Belfast Telegraph

Independents consider taking on Northern Ireland care homes set for closure

By Margaret Canning

Independent operators in Northern Ireland's care home sector may ultimately step in to fill the void left following closures by Four Seasons Health Care, it has been claimed.

The troubled English company, which employs around 4,000 people across the province, this week said it was shutting seven of its 69 homes here as it copes with big debts, falling incomes and rising costs.

But it is understood that independent care home operators in Northern Ireland are already investigating whether they can buy some of the homes, which care for around 250 residents and employ around 390 staff.

However, one expert said that some of the properties were up to 25 years old and lacked facilities such as lifts large enough for beds - and in some cases featured twin rooms which were undesirable for potential residents.

Four Seasons has been owned since 2012 by private equity firm Terra Firma - a business led by controversial investor Guy Hands, a tax exile living in Guernsey.

Four Seasons has debts of around £500m and faces interest payments of over £50m per year.

The pressures on the company both in Northern Ireland and the rest of the UK have led to its strategy of selling off homes to raise funds.

But Mark O'Kane, director of O'Kane Commercial, which advises care home operators on property, said the independent care sector may well step in.

Finance Minister Simon Hamilton has said he will keep open statutory nursing homes which had been earmarked for closure.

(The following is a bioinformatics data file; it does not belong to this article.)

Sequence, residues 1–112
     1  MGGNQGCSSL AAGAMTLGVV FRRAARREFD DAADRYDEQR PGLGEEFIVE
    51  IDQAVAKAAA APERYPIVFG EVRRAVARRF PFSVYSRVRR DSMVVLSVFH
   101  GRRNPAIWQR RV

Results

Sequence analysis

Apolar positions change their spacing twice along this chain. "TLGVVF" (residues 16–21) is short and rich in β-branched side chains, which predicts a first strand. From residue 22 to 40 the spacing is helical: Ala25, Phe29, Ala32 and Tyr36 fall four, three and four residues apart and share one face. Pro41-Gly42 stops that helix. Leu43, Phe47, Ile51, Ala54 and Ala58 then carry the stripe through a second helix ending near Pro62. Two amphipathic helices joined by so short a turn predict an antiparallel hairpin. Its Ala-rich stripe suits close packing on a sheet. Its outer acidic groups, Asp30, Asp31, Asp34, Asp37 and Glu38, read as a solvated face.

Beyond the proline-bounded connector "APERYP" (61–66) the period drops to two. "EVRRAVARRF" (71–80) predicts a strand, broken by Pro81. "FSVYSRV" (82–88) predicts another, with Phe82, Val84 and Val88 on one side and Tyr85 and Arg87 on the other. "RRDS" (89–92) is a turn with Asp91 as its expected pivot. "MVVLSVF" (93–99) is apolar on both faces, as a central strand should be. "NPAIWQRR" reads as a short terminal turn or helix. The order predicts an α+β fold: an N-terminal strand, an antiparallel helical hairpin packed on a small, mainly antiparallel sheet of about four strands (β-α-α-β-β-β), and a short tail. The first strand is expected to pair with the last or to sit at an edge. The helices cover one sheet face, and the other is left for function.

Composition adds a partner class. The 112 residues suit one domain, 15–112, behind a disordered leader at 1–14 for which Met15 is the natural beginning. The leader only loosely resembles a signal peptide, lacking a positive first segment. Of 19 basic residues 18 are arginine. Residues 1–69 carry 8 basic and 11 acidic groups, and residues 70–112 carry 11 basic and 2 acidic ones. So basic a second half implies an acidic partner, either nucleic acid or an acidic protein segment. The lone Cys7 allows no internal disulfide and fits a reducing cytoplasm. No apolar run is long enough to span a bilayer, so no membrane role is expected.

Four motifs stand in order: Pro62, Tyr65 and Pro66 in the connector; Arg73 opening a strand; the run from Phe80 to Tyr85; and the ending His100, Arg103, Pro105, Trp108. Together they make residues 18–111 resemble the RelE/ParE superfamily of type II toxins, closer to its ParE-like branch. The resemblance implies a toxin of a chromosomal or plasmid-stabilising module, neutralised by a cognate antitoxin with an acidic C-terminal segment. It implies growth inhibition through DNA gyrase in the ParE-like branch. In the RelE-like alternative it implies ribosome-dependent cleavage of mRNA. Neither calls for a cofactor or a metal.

There are a number of independents here, including Care Circle, Hutchinson Homes, Manor Healthcare and the Macklin Group.

Mr O'Kane said: "There are a lot of very good, high-quality local operators who are very capable and are trading well in their own right. They have the ability to grow and have good management teams, and have the ability to both take on new homes and build new ones."

Four Seasons Health Care has come under additional pressure from the prospect of the Living Wage, which will see the minimum wage go up to £7.20 per hour from next April - a jump which is expected to cost the firm £40m.

It has been estimated that around 60% of a care home's income is spent on salaries.

Four Seasons this week said that it was shutting homes in east Belfast's Victoria Park, as well as Donaghcloney and Hamilton Court in Co Armagh, Garvagh in Co Londonderry, another home in Antrim, Oakridge in Ballynahinch and Stormont.

It had previously announced the closure of Drumragh Care Home, Co Tyrone.

There are other national operators working across Northern Ireland, including HC-One, Bupa, Care UK, the Priory Group and more.

Four Seasons Health Care was acquired by Terra Firma in 2012, after it was sold by Royal Bank of Scotland.

That acquisition was welcomed by Northern Ireland's Department of Health, Social Services and Public Safety at the time as it gave "security to residents and employees".

Belfast Telegraph